The persona documents you create (like the one shown above) should include basic identifiers, like a name, description, and photo of a representative user. Rather than referring to your personas by actual names from your interviewee pool, refer to them based upon their description (i.e. the "analytical influencer"). Your persona profiles should also include a longer description that focuses on what that person values and the way they make decisions as well as some personal information. Precision here is more important than accuracy. In other words, a realistic description is more important to your decision making than whether the description actually applies to the person upon whom you've based your persona. Finally, to test your personas, use and act out decision-making scenarios. A basic testing scenario might start with a search engine query for a description of your service or product (no specific names, though--we're acting as people who don't yet know about your firm) and follow the path from landing on your site's homepage to finding a low level detail page and responding to a call to action. If you construct your site to allow for this kind of procedure, you'll make better choices as to the types of content and calls to action that would be available based upon your personas.
For a more in-depth look at web persona development, download our webinar on Using Personas to Build Better Websites. You'll learn the details of how to research, segment, test and implement your web personas.
In the early days of the web, the standard way of planning website information architecture and page layouts was to create wireframes--symbol-based static illustrations of how a website will look. The problem with this approach is that wireframes attempted to communicate a complex system that responds to user feedback using paper! Everything changes once you actually start interacting with a website, which meant that most of the decisions that were thought to have been resolved during wireframing had to be revisited with the actual site.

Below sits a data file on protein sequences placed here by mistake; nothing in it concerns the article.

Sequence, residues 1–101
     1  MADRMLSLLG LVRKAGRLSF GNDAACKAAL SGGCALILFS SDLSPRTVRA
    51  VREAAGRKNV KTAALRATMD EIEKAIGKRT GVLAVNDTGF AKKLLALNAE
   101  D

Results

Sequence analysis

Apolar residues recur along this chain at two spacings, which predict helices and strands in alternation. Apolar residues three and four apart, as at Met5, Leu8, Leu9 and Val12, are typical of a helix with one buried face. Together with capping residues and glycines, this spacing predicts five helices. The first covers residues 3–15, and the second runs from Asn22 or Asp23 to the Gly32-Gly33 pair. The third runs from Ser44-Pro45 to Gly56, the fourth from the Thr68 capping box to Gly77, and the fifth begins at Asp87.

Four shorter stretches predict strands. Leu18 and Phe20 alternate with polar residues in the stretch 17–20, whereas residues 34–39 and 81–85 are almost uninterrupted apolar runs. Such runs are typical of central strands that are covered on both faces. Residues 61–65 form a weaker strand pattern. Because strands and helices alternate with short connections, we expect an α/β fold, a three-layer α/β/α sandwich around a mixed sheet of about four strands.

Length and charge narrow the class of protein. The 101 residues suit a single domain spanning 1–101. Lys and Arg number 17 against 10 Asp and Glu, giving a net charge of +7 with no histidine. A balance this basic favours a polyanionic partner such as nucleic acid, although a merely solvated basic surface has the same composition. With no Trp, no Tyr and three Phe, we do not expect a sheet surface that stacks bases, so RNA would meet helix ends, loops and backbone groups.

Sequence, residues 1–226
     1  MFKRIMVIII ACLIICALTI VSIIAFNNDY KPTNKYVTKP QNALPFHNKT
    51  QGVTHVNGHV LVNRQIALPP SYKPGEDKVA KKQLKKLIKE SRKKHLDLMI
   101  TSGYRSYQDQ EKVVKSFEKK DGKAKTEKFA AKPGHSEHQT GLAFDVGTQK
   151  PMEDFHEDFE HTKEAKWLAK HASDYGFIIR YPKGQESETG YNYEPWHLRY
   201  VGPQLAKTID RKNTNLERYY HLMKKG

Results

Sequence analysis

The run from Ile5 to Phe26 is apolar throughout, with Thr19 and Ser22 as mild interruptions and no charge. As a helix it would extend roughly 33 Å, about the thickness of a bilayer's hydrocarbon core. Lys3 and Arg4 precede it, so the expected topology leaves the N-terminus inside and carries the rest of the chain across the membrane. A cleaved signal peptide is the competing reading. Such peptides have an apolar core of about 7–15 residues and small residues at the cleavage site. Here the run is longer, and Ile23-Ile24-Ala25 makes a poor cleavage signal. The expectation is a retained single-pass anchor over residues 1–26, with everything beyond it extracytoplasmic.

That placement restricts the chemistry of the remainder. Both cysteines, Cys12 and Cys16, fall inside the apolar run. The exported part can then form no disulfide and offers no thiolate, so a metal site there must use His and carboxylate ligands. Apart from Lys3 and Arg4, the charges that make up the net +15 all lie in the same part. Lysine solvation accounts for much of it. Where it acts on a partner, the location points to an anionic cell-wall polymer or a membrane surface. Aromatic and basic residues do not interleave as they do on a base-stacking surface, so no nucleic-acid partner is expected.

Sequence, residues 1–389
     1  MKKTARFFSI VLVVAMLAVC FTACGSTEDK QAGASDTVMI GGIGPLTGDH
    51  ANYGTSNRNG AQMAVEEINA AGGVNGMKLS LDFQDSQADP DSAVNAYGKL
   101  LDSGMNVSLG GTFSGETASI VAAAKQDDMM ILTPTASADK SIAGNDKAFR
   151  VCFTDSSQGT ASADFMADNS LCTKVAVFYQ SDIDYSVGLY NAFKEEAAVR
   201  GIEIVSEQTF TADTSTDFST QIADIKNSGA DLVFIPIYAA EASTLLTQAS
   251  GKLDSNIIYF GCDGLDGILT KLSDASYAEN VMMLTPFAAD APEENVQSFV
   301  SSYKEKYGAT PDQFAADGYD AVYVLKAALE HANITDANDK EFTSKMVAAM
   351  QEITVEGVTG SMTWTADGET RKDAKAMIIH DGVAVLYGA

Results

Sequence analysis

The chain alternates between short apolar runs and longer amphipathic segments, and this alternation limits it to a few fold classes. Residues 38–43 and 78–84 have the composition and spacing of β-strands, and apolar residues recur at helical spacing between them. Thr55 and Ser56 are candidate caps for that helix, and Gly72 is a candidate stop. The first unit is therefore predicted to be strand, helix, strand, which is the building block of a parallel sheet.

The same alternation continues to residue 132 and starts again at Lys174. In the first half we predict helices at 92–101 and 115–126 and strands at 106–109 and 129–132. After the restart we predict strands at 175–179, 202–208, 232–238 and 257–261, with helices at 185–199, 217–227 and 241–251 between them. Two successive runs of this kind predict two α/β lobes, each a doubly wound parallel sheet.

Our solution to this, which we put in to practice ten years ago, was to build interactive wireframes. Actually, calling them wireframes at all is a misnomer; we call them Grayscreen Prototypes.
Interactive prototypes are a full representation of how the website will work, from the big picture structure represented in the various navigation systems to the granular business logic of individual pages. Every screen or function on the final site should be represented in the prototype. While an interactive prototype would not be built on an actual database, as the final site obviously would, complex functionality such as advanced search tools, data filtration, forms, galleries and the like would be represented. The prototype itself, along with the many on-page annotations added throughout the process, becomes a functional spec for our design and development teams moving forward and a comprehensive documentation of the scope of work agreed upon by the entire team.
An efficient prototyping process should take roughly one month. Our model establishes a fast-paced routine of several meetings per week with the client, first addressing the larger structural decisions and working toward approval after the resolution of issues of finer detail. This "narrowing-funnel" of decision making is an effective model to follow for the visual design phase, as well. Incidentally, we intentionally keep our prototypes unstyled so that we don't confuse decisions involving information and functionality with those that involve design. Design, which we'll explore next, is very much its own process.